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Posted 23 Oct 2017


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A Simple Shooter Videogame in Native JavaScript - Updated for Mobile

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4.93/5 (15 votes)
28 Oct 2017CPOL8 min read
Let's have a break with JavaScript and a Canvas


Image 1

I created this simple game in my free time just to distract myself from what I'm requested to do on my daily job. This is also an interesting and funny way of JavaScript coding, compared to a typical DOM manipulation or Ajax calls to server. I find JavaScript really powerful when used as OOP language, especially with html5 features.

Of course, this code can be improved in many ways, as well as the main architecture probably. I'm not a videogame maker unfortunately. But it can also be a starting point for those who are interested in videogame basics. This game could be extended with power-up, different sprites, ground enemies... I personally was surprised observing how a game can have a life on its own, once you give robustness and logic, and I really hope you can find my same spirit.

Thanks to Jacob Zinman Jeanes from this page for the free images of ship and enemies.


The main focus here is on the html5 Canvas, the simple and powerful pixel matrix where you can draw your images. Generally, it has no concept of the items drawn on it, it doesn't contains graphic objects. You need an object array to maintain all the items reference and their states. Neither does it have a concept of z-index, so the priority of the items in terms of overlap, must be managed by us externally. Just consider that every item is drawn over the others, so the last drawn is on the highest layer, that is closest to the observer.

Using the Code

I am not going to comment all the code, since I'm afraid it would be boring and discouraging for a reader who doesn't have a lot of spare time. Let's see only the most important objects and logic of the game, of course, you can download the small zip file to read all the code.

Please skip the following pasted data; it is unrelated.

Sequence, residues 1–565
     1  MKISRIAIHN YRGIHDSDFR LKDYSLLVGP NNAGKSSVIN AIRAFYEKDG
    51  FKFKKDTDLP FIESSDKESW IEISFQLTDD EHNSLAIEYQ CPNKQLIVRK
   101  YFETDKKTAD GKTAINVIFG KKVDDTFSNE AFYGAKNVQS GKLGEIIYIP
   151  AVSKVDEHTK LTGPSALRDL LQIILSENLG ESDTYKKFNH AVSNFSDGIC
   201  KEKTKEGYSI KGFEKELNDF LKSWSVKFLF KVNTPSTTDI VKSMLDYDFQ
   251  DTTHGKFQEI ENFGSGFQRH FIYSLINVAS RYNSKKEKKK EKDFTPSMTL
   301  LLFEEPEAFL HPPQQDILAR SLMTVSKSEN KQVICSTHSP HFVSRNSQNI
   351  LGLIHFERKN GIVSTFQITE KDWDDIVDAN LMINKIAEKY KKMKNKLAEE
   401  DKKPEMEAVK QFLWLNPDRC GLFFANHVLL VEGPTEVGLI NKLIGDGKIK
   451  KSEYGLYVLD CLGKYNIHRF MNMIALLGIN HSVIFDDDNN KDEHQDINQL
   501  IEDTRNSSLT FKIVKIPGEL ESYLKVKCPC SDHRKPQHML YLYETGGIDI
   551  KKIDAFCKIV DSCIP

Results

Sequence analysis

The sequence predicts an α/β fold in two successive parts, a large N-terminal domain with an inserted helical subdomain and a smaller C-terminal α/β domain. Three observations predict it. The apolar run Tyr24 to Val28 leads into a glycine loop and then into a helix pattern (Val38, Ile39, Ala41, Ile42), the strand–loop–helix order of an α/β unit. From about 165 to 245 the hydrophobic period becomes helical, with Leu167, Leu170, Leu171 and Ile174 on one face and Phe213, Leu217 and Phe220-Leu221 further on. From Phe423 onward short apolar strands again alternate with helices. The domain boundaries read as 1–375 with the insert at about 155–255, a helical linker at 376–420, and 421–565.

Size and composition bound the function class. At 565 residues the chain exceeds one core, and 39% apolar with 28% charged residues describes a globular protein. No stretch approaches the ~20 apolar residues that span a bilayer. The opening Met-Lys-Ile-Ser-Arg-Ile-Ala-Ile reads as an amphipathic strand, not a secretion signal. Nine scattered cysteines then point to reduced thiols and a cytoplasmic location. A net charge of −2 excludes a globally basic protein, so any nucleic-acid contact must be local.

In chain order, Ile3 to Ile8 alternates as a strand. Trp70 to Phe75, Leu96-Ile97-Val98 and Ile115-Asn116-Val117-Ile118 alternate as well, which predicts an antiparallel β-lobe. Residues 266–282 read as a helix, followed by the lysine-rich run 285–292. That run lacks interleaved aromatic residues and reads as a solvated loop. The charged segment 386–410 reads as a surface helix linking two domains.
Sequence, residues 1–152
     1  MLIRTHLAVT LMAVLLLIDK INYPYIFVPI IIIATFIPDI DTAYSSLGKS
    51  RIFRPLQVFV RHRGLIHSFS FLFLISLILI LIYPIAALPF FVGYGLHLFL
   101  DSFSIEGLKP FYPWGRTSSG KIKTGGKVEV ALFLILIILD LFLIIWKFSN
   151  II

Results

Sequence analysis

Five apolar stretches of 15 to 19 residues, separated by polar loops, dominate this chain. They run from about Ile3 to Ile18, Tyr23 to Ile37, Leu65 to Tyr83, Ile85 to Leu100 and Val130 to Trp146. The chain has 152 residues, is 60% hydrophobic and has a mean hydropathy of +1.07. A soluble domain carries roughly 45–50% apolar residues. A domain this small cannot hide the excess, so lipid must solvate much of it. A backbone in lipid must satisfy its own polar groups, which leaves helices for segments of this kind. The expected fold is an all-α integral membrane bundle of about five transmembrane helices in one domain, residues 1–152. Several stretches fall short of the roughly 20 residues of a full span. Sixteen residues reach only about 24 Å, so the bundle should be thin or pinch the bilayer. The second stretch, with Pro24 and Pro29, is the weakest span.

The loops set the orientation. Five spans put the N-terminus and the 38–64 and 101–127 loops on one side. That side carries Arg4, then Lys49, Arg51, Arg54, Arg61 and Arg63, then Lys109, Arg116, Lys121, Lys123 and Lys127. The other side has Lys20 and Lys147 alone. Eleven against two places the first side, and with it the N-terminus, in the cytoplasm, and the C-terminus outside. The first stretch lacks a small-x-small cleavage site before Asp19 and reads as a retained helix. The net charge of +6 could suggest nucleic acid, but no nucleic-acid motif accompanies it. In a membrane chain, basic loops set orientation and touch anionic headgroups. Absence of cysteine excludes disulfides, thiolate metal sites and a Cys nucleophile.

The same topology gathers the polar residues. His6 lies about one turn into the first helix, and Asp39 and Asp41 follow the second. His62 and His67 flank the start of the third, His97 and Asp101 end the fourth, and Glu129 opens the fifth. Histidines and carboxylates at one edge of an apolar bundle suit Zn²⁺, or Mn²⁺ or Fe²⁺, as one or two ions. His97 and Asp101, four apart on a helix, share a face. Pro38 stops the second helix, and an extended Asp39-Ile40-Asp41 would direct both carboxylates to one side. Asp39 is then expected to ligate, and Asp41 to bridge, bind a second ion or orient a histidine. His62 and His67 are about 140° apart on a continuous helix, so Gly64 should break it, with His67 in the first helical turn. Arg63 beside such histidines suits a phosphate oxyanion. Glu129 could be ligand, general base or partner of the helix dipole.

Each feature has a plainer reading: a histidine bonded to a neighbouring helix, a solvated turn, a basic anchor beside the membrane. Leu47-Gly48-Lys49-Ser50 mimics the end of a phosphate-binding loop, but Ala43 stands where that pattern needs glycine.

It contains the images for every item in the game, acting as repository and providing a single loading for every image. Properties verticalImageFrames and horizontalImageFrames indicate how many frames exist in the bitmap, vertically and horizontally.

The method getImageFor returns the image corresponding to the type of the requester.

function imagesRepo() { = new Image(); = "img/cloud.png"; = function () { this.isLoaded = true; }; = 1; = 1;

        this.getImageFor = function (item, wave) {
            if (item instanceof cloud) return;


Every object inherits from it, to get available common methods and properties, that you see below. It loads image from the constructor, and shares some simple methods. The most important is nextImageFrame() that animates an image in terms of sequence of frames (think at the ship reactor).

function gameObject(x, y, wave) {
  this.x = x;
  this.y = y;
  this.image = images.getImageFor(this, wave); //get image from images Repository
  this.offsetLeftEnergy = 0;

gameObject.prototype.getFrameHeight = function () {
   return this.image.height / this.image.verticalImageFrames; //get real height for a multiframe image

gameObject.prototype.getFrameWidth = function () {
   return this.image.width / this.image.horizontalImageFrames;//get real width for a multiframe image

gameObject.prototype.nextImageFrame = function (onlyOnce) {
   this.currentFrame++; //increase the frame of the object

   if (this.currentFrame > this.image.verticalImageFrames * this.image.horizontalImageFrames) {